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In this essay I will be analysing in depth four scenes from Baz Luhrmann's critically acclaimed Moulin Rouge that was released in 2000.

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Stuart Ventham Media Assignment - Film Analysis Moulin Rouge In this essay I will be analysing in depth four scenes from Baz Luhrmann's critically acclaimed Moulin Rouge that was released in 2000. I will be analysing the opening sequence, the sequence in the Moulin Rouge itself, the two dancing sequences 'Like a Virgin' and 'Tango Roxanne' and the final scenes of the film. Throughout this essay I will be commenting on the filming techniques that Luhrmann uses and what affects these have on the audience, also I will be analysing how the film is similar and different to typical Hollywood Musicals. There are many elements of film musicals, which are present in typical Hollywood, and Broadway musicals. For example the synchronized dancing can be seen in many musicals such as 'Seven Brides for Seven Brothers' and 'Cabaret'. The musical films are a development from the dance halls and silent movies and became very popular in the 1930's. This popularity remained until the television boom in the 70's and 80's, and also due to the fact that more realistic films were being released and people saw the films as unrealistic and fantastical. Busby Berkley was a film director and choreographer who built a reputation as dance director of numerous Broadway shows and early musical films before directing the Warner Brothers' backstage saga Forty-Second Street (1933). Berkley perfected the still new technique of synchronizing the filmed image to a pre-recorded soundtrack. ...read more.


This suggests that the men are all the same and is very typical of Broadway and Hollywood musicals. The men are all wearing tuxedo's, which also suggests that they are all the same and after the same thing, s*x. The music at this point is very up beat. Fat boy Slims remix of the Cancan, Madonna's 'Material Girl' and 'Entertainer' are all used to get the audience aware and involved in the film, as they know the songs. When Satine makes her entrance the dance hall falls silent. Her entrance is very important as the audience look up at her as if she was an icon such as Madonna and Kylie Minogue are today. She is dressed very different to the other courtesans. Her clothes are covered in diamantes and she has her hair down. Her outfit is very sparkly and not as 'slutty' as the other prostitutes. This relates to her 'Sparkling Diamond' title, she is much more classy. She wears a top hat, which is very masculine. Satine falls onto the men and crowd surfs, there is a birds-eye view of this shot. This sequence is both similar and different to typical musicals. The synchronized dancing is very typical of Hollywood musicals. Whereas the modern music isn't typical of musicals so this makes it different. Also the voiceovers and conversations, which interrupt the musical, too are not typical of old musicals. The 'Like a Virgin' sequence is set in the tower, which suggests fairytales but it also suggests a place of terror. ...read more.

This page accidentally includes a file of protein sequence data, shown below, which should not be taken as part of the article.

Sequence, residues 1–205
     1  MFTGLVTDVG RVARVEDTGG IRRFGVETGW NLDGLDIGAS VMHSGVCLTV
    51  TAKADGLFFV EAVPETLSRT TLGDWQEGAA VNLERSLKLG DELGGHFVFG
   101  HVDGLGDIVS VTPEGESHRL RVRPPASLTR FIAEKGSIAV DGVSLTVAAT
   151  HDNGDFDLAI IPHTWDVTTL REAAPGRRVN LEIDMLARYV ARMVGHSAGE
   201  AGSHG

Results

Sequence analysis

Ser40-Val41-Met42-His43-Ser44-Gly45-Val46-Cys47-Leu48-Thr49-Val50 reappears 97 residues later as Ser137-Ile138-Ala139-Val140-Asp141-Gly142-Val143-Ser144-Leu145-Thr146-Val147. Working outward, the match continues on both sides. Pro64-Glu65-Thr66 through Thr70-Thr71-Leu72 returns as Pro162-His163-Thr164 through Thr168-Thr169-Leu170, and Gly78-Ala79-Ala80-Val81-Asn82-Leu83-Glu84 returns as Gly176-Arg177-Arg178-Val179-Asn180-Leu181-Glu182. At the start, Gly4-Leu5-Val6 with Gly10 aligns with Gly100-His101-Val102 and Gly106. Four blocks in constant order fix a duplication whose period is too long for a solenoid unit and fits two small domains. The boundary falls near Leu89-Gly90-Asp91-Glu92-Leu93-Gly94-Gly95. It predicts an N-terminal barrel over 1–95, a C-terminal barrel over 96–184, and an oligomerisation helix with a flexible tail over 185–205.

In conclusion Luhrmann uses many techniques throughout the film. The sepia in the opening sequence and the credits at the end gives the impression of the film being historical. The big red curtains opening and closing suggest that you are entering a dream world, the world of the Moulin Rouge. The fact that throughout the film many of the characters look directly into the camera shows that they are putting on a performance. All the close up shots of the characters adds emotion to the film, the lighting creates moods for example when Satine and the Duke are in the tower the lighting is dark which suggests that something bad is about to happen. The film is similar to typical musicals of the 1920's and 30's as in many of the dancing scenes the dancers are synchronized; also the men in the Moulin Rouge wear the same. The fact that the 'baddy' of the film is portrayed as being English is similar. The Moulin Rouge is all about putting on a show which is what musicals are all about, especially Broadway musical. There is a huge element of romance throughout the film. The film on the other hand is different to typical musicals as there isn't a happy ending. Typical musicals end with, for example, the two main characters getting married or driving off into the sunset, however Moulin Rouge ends with the death of the main female character and love interest, Satine. The sepia is different to typical musicals. The prostitutes in the Moulin Rouge itself wear different clothing, which isn't seen in musicals, which adds to the films diversity. ...read more.

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